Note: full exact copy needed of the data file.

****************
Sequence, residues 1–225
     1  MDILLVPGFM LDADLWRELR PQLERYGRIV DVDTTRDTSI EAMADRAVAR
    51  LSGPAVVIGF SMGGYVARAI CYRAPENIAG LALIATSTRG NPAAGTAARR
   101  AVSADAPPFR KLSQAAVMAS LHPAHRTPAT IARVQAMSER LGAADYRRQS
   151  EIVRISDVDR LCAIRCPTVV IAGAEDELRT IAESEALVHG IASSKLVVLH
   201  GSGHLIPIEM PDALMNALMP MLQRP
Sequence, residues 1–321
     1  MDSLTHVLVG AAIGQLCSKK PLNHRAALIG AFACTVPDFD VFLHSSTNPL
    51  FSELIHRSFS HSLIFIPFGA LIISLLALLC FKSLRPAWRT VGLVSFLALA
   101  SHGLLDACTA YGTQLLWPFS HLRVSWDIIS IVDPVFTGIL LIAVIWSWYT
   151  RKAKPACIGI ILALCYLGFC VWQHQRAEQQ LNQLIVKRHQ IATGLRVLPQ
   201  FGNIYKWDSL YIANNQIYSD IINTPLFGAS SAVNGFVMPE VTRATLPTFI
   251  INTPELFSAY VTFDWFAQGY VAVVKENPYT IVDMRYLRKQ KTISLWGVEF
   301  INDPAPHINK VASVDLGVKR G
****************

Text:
Sequence, residues 1–225
     1  MDILLVPGFM LDADLWRELR PQLERYGRIV DVDTTRDTSI EAMADRAVAR
    51  LSGPAVVIGF SMGGYVARAI CYRAPENIAG LALIATSTRG NPAAGTAARR
   101  AVSADAPPFR KLSQAAVMAS LHPAHRTPAT IARVQAMSER LGAADYRRQS
   151  EIVRISDVDR LCAIRCPTVV IAGAEDELRT IAESEALVHG IASSKLVVLH
   201  GSGHLIPIEM PDALMNALMP MLQRP
Sequence, residues 1–321
     1  MDSLTHVLVG AAIGQLCSKK PLNHRAALIG AFACTVPDFD VFLHSSTNPL
    51  FSELIHRSFS HSLIFIPFGA LIISLLALLC FKSLRPAWRT VGLVSFLALA
   101  SHGLLDACTA YGTQLLWPFS HLRVSWDIIS IVDPVFTGIL LIAVIWSWYT
   151  RKAKPACIGI ILALCYLGFC VWQHQRAEQQ LNQLIVKRHQ IATGLRVLPQ
   201  FGNIYKWDSL YIANNQIYSD IINTPLFGAS SAVNGFVMPE VTRATLPTFI
   251  INTPELFSAY VTFDWFAQGY VAVVKENPYT IVDMRYLRKQ KTISLWGVEF
   301  INDPAPHINK VASVDLGVKR G